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Longitudinal Links Between Perceptions of Adolescence and the Social Beliefs of Adolescents: Are Parents’ Stereotypes Related to Beliefs Held About and by Their Children?

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Abstract

This study examined: (1) relations between parents’ prior stereotypes about adolescence and their later beliefs about their own child during early and middle adolescence, (2) relations between parents’ stereotypes and their own child’s behaviors during middle and late adolescence, and (3) the role of congruency between mother’s and father’s beliefs about adolescence in predicting their child’s behavior. The results revealed significant relations between parents’ prior stereotyped beliefs and their specific beliefs about their own children during the 7th and 10th grades. In addition, the relations between parents’ prior stereotypes and their adolescent children’s behaviors measured at 3 and 5 years later (10th and 12th grades) were estimated. Parents’ stereotypes about adolescence significantly predicted their children’s behaviors in both 10th and 12th grades. Finally, the congruency between mothers’ and fathers’ stereotyped beliefs was significantly related to their children’s behaviors in the 10th and 12th grades. Parents who had consistent and strong stereotypes about adolescence had adolescent children with more deviant peers than parents with consistent, but less-stereotyped views.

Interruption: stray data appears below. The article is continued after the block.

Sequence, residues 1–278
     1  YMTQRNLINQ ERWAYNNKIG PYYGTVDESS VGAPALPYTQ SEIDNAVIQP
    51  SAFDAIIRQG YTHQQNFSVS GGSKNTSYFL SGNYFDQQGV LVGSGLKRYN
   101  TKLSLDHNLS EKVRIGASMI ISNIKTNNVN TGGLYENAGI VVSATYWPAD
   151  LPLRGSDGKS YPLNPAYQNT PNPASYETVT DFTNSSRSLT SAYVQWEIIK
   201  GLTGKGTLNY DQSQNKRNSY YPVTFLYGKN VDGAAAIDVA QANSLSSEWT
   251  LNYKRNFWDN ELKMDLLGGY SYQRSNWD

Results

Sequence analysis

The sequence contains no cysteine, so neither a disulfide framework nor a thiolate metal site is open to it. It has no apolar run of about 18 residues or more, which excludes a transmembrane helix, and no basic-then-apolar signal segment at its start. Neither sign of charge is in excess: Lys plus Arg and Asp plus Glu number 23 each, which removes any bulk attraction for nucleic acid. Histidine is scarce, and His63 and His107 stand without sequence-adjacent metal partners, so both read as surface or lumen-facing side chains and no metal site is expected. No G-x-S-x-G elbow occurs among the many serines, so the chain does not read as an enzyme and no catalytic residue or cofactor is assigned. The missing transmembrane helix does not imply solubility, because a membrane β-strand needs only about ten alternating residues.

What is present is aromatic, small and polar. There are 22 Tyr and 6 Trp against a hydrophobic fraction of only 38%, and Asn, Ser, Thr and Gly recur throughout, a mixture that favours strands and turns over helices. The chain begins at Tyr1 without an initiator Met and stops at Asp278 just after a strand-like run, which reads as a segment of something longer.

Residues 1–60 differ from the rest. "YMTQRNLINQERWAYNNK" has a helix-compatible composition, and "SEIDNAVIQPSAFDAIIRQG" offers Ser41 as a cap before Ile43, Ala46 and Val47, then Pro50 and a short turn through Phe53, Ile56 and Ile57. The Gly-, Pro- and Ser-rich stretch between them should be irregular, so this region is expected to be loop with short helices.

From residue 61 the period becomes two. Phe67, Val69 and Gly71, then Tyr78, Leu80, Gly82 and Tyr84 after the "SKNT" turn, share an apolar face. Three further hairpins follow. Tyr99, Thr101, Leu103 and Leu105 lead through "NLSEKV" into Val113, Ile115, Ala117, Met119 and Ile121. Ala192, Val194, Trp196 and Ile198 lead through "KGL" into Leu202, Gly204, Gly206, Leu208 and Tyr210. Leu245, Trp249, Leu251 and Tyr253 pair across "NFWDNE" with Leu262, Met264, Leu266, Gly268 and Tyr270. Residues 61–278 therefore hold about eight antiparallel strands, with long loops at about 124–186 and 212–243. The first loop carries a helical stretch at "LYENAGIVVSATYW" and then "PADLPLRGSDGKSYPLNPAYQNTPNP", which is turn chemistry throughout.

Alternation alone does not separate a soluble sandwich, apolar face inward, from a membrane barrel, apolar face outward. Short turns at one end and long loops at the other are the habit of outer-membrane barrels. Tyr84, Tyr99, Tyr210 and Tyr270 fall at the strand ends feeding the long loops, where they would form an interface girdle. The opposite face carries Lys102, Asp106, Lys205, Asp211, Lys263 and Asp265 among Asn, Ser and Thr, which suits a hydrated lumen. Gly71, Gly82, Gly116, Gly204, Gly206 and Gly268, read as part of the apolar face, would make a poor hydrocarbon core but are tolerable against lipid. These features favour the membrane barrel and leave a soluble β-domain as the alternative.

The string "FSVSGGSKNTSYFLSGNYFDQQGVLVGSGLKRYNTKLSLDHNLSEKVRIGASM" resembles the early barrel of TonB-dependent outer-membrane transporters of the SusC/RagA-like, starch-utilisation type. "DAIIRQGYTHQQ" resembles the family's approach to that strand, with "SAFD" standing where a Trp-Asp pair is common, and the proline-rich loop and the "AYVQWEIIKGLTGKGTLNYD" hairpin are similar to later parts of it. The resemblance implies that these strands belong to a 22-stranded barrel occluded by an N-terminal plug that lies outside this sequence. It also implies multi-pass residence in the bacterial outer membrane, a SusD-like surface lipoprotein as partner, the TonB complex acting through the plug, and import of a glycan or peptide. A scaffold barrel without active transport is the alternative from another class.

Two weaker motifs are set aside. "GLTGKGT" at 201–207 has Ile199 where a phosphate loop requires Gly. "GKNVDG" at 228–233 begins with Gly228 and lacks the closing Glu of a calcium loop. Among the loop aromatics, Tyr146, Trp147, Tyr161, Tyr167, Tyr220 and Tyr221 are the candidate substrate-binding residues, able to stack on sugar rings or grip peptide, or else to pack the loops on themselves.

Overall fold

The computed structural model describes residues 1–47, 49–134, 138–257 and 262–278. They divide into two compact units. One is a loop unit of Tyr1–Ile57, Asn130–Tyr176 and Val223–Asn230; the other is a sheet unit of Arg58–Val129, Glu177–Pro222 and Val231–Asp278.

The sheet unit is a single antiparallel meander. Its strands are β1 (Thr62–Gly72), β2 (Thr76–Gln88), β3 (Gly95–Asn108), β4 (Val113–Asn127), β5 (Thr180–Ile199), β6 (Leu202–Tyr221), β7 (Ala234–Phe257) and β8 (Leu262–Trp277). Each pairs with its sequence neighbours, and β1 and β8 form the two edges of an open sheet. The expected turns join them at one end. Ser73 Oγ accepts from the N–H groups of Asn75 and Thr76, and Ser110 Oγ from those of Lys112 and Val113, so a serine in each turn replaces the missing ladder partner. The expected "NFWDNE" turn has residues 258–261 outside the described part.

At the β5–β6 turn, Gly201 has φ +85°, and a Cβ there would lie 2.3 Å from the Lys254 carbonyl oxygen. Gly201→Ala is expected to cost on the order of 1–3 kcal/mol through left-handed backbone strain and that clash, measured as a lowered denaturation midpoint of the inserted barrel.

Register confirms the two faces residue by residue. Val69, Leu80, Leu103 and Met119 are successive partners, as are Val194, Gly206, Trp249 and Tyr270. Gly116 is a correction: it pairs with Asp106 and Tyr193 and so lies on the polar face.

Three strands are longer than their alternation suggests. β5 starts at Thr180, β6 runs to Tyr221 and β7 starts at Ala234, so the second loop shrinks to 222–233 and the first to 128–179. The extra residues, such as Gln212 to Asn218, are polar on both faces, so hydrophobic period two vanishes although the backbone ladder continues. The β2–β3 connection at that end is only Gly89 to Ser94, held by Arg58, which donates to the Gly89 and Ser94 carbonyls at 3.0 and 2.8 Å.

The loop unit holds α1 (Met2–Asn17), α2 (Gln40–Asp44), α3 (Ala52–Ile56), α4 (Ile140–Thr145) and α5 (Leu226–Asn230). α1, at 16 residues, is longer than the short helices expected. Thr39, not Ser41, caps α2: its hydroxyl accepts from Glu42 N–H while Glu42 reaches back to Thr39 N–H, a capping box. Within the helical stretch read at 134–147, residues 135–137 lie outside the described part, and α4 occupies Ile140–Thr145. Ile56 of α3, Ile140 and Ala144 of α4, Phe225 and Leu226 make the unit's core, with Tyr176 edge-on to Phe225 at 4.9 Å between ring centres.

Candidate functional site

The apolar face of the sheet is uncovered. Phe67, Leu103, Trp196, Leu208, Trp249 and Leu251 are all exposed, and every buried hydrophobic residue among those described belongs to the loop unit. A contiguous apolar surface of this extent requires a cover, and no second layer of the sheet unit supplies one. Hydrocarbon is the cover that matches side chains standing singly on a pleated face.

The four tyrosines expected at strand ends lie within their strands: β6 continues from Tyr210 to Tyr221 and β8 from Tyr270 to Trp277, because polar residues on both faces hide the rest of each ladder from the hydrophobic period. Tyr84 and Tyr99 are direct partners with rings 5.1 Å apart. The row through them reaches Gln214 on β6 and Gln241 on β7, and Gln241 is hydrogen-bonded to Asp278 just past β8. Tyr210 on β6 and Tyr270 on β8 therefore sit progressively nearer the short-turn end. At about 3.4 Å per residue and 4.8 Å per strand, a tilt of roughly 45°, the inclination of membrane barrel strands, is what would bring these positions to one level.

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Correspondence to Christina S. Chhin.

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Jacobs, J.E., Chhin, C.S. & Shaver, K. Longitudinal Links Between Perceptions of Adolescence and the Social Beliefs of Adolescents: Are Parents’ Stereotypes Related to Beliefs Held About and by Their Children?. J Youth Adolescence 34, 61–72 (2005). https://doi.org/10.1007/s10964-005-3206-x

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  • DOI: https://doi.org/10.1007/s10964-005-3206-x

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